Harrogate and Knaresborough MP Andrew Jones questioned on when it will be safe to swim in River Nidd

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Andrew Jones has been asked when the River Nidd will be safe to swim in following a campaign to designate the river bathing water status.

The Conservative MP for Harrogate and Knaresborough submitted an application to government for the status in October.

If successful, the Nidd would join just three other waterways in the country that have achieved it.

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Bathing water status means that each year during the peak bathing season between May and September, government body the Environment Agency will test the Lido Leisure Park section of the river for pollutants, including the bacteria E-coli which can be a signifier of human waste.

Andrew Jones MP has been questioned on when it will be safe to swim in the River NiddAndrew Jones MP has been questioned on when it will be safe to swim in the River Nidd
Andrew Jones MP has been questioned on when it will be safe to swim in the River Nidd

Sampling of the river undertaken by the Nidd Action Group previously found e-coli at “concerningly high” levels.

Pollution in the Nidd has been a long-running issue and in 2022 a group of children fell ill after swimming near Conyngham Hall.

Yorkshire Water releases sewage into the Nidd during storm overflows but there are also other pollution problems to overcome such as peat bog erosion and historic metal mining which wash into the river at Nidderdale and travel down stream.

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Mr Jones attended a meeting of local councillors in Harrogate last week when Councillor Hannah Gostlow, who represents Knaresborough West for the Lib Dems, asked him when it will be safe to swim in the Nidd.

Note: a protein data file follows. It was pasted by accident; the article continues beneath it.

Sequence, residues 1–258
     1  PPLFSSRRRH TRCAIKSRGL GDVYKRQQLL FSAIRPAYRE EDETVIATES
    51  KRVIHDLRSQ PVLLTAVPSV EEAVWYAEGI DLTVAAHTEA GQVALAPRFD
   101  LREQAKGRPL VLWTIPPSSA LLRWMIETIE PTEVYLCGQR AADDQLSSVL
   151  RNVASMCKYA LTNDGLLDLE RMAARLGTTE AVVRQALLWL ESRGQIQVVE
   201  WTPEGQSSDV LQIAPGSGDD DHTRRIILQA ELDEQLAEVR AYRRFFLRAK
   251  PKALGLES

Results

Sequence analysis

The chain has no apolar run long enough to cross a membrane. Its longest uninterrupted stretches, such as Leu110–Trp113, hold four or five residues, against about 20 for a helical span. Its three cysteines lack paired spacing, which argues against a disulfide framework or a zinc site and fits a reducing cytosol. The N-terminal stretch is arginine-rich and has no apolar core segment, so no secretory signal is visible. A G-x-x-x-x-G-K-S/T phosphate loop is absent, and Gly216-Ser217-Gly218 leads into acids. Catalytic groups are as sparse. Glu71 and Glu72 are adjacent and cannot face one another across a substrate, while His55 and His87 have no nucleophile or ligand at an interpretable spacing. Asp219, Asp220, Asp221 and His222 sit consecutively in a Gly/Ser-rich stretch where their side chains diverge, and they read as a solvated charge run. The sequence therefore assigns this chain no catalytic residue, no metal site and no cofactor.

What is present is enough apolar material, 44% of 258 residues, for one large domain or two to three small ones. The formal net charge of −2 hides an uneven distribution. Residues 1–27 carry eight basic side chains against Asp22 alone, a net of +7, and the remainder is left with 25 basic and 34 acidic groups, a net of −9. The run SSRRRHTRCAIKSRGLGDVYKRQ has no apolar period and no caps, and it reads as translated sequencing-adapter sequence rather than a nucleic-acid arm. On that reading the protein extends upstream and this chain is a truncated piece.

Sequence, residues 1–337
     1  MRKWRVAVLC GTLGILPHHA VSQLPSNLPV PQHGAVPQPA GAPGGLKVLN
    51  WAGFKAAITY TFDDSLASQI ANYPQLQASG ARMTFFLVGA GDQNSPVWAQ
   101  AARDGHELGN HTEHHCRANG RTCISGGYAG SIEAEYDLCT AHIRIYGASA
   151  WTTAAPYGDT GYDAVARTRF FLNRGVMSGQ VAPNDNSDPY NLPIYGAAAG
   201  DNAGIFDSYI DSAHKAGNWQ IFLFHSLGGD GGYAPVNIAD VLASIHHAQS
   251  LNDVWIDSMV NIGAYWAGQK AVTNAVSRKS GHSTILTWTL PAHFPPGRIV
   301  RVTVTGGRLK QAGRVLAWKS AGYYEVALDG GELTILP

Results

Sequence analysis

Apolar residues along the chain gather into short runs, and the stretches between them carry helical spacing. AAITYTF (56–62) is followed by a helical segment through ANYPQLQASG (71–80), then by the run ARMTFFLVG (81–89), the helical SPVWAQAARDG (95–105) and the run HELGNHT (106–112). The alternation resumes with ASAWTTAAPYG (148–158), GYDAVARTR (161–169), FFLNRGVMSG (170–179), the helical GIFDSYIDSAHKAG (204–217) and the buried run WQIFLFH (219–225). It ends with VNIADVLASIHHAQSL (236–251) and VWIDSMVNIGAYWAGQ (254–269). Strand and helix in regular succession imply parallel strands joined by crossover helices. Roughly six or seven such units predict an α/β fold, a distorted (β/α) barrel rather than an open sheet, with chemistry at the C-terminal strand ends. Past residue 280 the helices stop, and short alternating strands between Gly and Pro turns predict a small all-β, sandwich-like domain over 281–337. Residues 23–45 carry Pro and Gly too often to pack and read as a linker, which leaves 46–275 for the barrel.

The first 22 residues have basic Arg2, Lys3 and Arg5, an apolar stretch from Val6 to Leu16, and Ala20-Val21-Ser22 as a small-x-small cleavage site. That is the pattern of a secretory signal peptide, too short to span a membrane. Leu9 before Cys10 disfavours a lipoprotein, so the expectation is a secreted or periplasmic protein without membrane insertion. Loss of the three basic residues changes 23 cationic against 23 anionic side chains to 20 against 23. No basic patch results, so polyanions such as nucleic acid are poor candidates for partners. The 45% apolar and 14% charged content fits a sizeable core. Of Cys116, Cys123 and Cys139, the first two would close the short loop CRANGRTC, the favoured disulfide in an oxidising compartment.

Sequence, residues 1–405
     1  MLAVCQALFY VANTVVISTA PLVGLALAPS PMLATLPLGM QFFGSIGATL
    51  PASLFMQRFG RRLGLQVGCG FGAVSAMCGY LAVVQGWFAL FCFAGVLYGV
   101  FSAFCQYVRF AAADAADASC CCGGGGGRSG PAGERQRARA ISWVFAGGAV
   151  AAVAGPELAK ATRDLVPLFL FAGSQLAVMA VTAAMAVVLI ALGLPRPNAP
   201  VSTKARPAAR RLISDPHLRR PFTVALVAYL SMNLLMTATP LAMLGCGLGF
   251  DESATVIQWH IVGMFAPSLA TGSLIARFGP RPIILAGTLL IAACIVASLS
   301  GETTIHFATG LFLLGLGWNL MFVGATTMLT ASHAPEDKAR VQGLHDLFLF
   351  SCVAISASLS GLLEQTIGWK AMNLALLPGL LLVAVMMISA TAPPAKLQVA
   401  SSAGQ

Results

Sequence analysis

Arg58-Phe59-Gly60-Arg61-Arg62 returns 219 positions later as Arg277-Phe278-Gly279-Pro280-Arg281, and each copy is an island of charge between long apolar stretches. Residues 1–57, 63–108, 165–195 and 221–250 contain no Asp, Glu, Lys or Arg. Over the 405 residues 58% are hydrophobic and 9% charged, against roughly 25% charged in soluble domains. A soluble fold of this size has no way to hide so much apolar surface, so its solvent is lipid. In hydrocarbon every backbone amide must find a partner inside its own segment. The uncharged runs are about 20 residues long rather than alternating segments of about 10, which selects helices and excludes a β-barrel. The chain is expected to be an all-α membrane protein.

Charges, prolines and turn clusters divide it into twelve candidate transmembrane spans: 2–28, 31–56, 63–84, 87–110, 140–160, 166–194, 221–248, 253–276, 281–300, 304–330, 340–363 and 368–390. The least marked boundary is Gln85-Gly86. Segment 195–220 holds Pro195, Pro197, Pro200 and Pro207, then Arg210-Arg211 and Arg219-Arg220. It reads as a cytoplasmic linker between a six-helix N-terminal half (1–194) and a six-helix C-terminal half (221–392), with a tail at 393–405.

In response, the MP said Councillor Gostlow’s question was “slightly loaded and wrong” but that work to clean up the Nidd has united councils up and down the river.

He added the government will respond to the application for bathing water status in late spring or early summer.

Mr Jones said: “It isn’t reasonable to say it’s not safe to swim in the River Nidd because the whole point of the bathing water status is it’s measuring people actually already swimming there.

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"People like swimming in the Nidd and this is about helping them do that.”

Yorkshire Water is allowed to release sewage into the Nidd when the sewerage system is at risk of being overwhelmed through what are called storm overflows.

Conservative councillor for Borougbridge and Claro, Robert Windass, referred to a presentation given by an Environment Agency officer at a previous meeting which he said was “damning” about the company.

Mr Jones said there is now 100 per cent monitoring of storm overflows which has “changed the national debate”.

He added: “We can now quantify scale of problem and direct where investment is going to make the quickest and biggest difference.”

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